The origins of the Orks were postulated upon and the myth of the Brainboyz was told. Apparently the original greenskin race had been a highly intelligent but physically feeble species. They had bio-engineered first the Gretchin and then the Orks as manual labourers and warriors. Unfortunately for the Brainboyz their intellect was dependant upon a particular type of fungi that became extinct shortly after the development of the Orks. Realising that their society was on the wane the Brainboyz coded knowledge of their achievements into the genetic data of their creations - meaning that a certain percentage of Orks would carry inherant technological ability, or surgical skills, or animal husbandry, or the ability to develop psychic powers. Having "saved" their civilisation this way the Brainboyz were free to degenerate and let the Orks become the dominant Greenskinned race. The tiny, barely sentient Snotlings were thought to be the remnants of the Brainboy race.

The Orks in which these genetic specialities arose were known as Oddboyz, and they fell into many categories of which four were common enough to warrant further attention. The technological genius Mekboys were already established. Painboys provided medical and dental aid to their comrades. Runtherds were part slave masters, part farmers who raised herds of Snotlings and Squiggly Beasts and led them into battle. Wierdboys were psychic conduits, able to soak the energy produced by excited Orks and unleash it as bolts of lightning, waves of teleknisis and other lethal effects.

Another major introduction at this stage was that of the clans - each a combination of lifestyle and philosophy that most Orks conformed to. The most prominant of these clans was the Goffs, who put a particular emphasis on martial ability and close quarters fighting. The Evil Suns seemed to produce more Meks than other clans and fielded many vehicles as a result. The Bad Moons were richer than other Orks and had more Wierdboys. The Snakebites were nomadic traditionalists who eshewed Mek-made creations and rode to battle on boars. The Deffskulls were looters who employed a great many Gretchin. The Blood Axes had once ruled over the other clans but had been overthrown for dealing to closely with Humans.

Each of the clans included Oddboys (although some of the clans had more of a particular type than the others) and a ruling class of Nobs, the largest and most fierce of the warrior Orks. There were six different army lists to use depending on which clan the Warlord of the army belonged to. In practice the differences between each of the clans was fairly minor and the ability to take Ork mobs of other clans meant that (with the exception of Blood Axes with whom other clans would not work) any Ork army could access to pretty much any of the units available to Orks (and Blood Axes were compansated somewhat with Human Mercenary Squads).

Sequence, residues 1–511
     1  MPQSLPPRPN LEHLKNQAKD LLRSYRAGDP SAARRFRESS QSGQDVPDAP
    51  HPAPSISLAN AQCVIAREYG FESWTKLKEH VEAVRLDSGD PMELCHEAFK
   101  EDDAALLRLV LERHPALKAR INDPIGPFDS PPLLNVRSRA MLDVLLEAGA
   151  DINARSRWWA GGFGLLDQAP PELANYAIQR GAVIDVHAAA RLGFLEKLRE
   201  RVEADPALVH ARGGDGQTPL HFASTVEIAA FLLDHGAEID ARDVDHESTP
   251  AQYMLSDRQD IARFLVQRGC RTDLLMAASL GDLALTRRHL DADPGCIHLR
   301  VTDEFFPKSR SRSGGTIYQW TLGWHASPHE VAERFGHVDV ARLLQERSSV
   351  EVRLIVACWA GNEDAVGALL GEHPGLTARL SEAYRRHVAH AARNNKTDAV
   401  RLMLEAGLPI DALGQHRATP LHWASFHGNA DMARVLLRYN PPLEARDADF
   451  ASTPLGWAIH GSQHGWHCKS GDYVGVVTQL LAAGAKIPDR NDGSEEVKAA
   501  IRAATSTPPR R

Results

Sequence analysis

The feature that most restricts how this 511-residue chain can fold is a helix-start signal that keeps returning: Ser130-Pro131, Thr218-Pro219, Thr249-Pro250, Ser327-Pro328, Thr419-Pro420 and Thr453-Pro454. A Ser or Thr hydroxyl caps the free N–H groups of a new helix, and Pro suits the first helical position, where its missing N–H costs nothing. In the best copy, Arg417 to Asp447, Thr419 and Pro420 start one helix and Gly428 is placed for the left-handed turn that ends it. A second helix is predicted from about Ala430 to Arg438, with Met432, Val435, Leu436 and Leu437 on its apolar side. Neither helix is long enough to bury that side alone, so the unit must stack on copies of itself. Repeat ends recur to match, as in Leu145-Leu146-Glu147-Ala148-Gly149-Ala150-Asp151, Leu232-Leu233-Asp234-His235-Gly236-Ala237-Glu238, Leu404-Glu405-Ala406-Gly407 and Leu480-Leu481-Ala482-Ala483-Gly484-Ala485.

The final book detailed the Orks who, because of their lifestyle or some perceived disability, had to live outside normal Ork society - the Freebooters. These units were many and varied and included such oddities as Dreadnought Mobs, Bad Ork Bikers, Ork Chaos Warbands, Flash Gits, Gretchin Pirates, Ork Genestealer Cults and Stormboys of Khorne.

With this plethora of information came rules for numerous new units and weapons and models to represent them. There was the Squig Catapult which would fire pots of voracious carnivourous flying squigs at the Ork's enemies. The Shokk Attack Gun opened up a hole in the warp through which swarms of Snotlings would be forced, to appear within the workings of a hapless enemy Dreadnought or Tank. Stormboys were introduced as disciplinarian young Orks (who rebelled against their elders by taking war seriously). Skarboys were introduced as upgrades for a few members of each Goff mob. Mad mobs were made up of Orks who manifested behaviour that was considered outlandish even by greenskin standards. Tinboyz were Ork Robots, remote controlled by a Mekboy. Autocannon armed Warbikes were fielded. The Orks also got their first plastic kits in the form of a box of Boys who could be equipped with Bolters, Power Swords, Chainswords, Power Gloves, Plasma Guns, Plasma Pistols and Heavy Plasma Guns (the Meks sure made a lot of Plasma Weapons in those days). There was also a (much missed) plastic kit with which to construct a Battlewagon that could seat five whole Orks. The use of looted equipment became a feature of Ork armies at this point, and any Ork force with a Mek or two could also include Imperial Speeder, Robots, Land Raiders, Sentinals and Baneblades.

Other weapons and troops were described that never got models, such as some of the more bizarre types of Freebooter and the deeply odd Bubble Chukka. Also some of the older models were made redundant (such as the two armed "Killer" Dreadnought).

By the time the books and models had been published the Orks were the best supported of all the armies in the 40K range (even Marines looked malnourished in comparison). But playing games with these Orks was a bit of nightmare. The rules had captured the essence of a zany and slapstick army perfectly, but to play with a moderately sized ork was an exercise in bookeeping and cross-referencing. "How many power points has my Wierdboy got? What phobia are the Madboyz suffering from at the moment? Where did I put the Orky Event cards?"


The second edition of Warhammer 40,000 promised to facilitate larger battles and take a more even-handed approach to balancing the forces in the game. Orks again took centre stage with some new plastic Goffs and Gretchin included in the box to provide the Space Marines with protagonists.

The scenarios included in the game illustated the Battle of Armageddon, a Human hive world that was under invasion from an Orkish Waaagh led by a character introduced to lead one of the sample armies in the "Ere We Go" book: Ghazghkull Mag Uruk Thraka. The defence was led by a force of Blood Angels. The invasion of Armageddon had been the subject of a boardgame produced before second edition 40K. The benighted planet had first to stave off a Chaos army and was now under siege by the Orks.

Rather than numerous hard back encyclopedias each army was sensibly given a paperback Codex this time round. The Ork Codex was pretty much a contraction of what had been printed about them in the Rogue Trader era books with the six army lists combined into one "catch all" list. The clans were still mentioned in passing but, unlike the previous edition, had no effect on army composition.